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Working in breach of immigration working conditions

On 23 November 2022 in the case of (1) Rahim Shah (2) Fawad Anwar (the “claimants”) v Secretary of State for the Home Department (the “defendant”) [2022] EWHC 3033 (Admin), the High Court rejected an application by two students who were caught working in excess of immigration working conditions - 20 hours per week as permitted by the immigration laws during term-time.

The claimants were apprehended by immigration officers in an early morning raid and found to be working in breach of their visas. Evidence was taken in the form of:

(i)            digital notebooks of the immigration officers known as PRONTO 

(ii)           minutes prepared after the arrests

(iii)          witness statements produced for the court hearing.

The claimants sought to challenge the defendant’s decisions to curtail their leave by arguing there had been procedural unfairness.

The judge rejected a substantive part of the claimant’s argument which argued the immigration officer’s evidence could not be relied on, as the Immigration Service had settled claims with two other migrants who had been part of related raids and therefore the different treatment of these migrant’s cases undermined the credibility of the evidence. The judge rejected the argument for the following reasons:

(i)            all four migrants had their visas cancelled and so there was consistency

(ii)           decisions taken by the Government Legal Services department in other cases cannot be used to undermine evidence

(iii)          cases are dealt with in different ways.

The judge also found:

(i)            there was anything improper in the immigration services having no cameras and the interviews not being recorded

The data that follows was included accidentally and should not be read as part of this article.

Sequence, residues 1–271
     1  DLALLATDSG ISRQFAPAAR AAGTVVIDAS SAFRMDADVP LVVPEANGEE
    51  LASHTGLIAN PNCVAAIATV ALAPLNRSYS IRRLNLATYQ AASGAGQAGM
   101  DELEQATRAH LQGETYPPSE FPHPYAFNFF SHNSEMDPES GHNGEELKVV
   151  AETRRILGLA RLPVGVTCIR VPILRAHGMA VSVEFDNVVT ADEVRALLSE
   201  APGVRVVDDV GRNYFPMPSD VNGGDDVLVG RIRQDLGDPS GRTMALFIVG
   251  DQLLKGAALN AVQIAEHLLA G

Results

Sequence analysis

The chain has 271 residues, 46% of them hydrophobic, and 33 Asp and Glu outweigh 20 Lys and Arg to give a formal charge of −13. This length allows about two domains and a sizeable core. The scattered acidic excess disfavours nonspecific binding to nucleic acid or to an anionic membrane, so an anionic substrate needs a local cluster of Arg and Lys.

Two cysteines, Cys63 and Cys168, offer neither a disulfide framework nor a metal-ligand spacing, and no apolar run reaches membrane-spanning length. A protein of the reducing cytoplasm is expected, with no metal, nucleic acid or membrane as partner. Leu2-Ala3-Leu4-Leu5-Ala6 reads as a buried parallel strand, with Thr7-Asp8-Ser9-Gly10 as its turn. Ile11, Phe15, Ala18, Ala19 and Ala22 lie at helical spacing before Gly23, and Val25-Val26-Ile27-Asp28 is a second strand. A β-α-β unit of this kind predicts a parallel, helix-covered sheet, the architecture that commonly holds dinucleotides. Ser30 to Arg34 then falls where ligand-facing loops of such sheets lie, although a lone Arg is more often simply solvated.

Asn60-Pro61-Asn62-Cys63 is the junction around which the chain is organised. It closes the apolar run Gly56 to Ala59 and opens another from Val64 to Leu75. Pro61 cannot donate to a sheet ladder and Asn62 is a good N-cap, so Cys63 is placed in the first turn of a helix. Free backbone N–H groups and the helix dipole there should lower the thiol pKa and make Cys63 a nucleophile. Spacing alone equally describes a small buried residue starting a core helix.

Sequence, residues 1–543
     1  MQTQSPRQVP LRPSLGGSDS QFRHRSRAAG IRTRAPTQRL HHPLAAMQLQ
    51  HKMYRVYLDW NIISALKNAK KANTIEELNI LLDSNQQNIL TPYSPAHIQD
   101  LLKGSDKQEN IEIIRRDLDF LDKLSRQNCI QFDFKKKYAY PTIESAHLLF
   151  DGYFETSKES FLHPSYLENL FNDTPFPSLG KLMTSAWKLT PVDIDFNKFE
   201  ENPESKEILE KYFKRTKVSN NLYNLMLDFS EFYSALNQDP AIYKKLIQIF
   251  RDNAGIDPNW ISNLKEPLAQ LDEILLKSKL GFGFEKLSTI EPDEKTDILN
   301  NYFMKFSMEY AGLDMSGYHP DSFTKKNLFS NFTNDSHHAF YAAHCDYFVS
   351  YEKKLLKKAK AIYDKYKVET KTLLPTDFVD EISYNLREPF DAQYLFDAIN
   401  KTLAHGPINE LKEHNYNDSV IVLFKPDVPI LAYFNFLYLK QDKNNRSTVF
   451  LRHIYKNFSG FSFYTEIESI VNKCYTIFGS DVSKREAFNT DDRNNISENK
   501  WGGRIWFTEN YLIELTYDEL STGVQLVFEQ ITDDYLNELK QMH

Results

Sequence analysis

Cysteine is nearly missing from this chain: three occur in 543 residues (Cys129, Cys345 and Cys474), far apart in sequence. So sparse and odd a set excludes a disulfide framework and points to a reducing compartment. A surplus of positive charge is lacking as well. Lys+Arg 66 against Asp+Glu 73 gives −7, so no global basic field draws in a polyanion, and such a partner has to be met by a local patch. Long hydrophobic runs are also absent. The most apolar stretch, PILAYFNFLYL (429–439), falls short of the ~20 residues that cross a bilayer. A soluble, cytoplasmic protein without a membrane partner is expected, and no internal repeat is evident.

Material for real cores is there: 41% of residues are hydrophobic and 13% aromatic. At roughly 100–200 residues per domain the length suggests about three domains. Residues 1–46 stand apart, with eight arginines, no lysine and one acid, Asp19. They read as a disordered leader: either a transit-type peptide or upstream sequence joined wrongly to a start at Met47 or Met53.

(ii)           the fact PRONTO was used, and the claimants signed the notes was acceptable

(iii)          rejected submissions that cautions should have been issued immediately so the claimants would have been made aware of their right

(iv)          the employers should have been contacted before making the decisions to cancel leave

(v)           no inconsistency in the immigration officer’s notes

(vi)          no evidence the claimants did not understand what was being said as there was no physical interpreter (there was one working remotely)

(vii)        nothing wrong with an immigration officer’s statement being dated later as the information was drawn from notes taken on the day of the raid

(viii)       nothing wrong in the use of the form of statements used in criminal proceedings.

This case states nothing in that working in breach of the 20 hours per week is a breach of the immigration conditions and will lead to action by the immigration services. It shows the resources and intelligence the immigration service has available to intervene where there are potential immigration breaches. From a legal perspective it highlights how the judiciary is unlikely to intervene in cases of immigration breaches in work related cases unless there is very substantial evidence to suggest otherwise.

RLegal is a firm of immigration solicitors located in central London. An immigration lawyer can be contacted by clicking here, sending an email to or by telephoning +44 207 038 3980.

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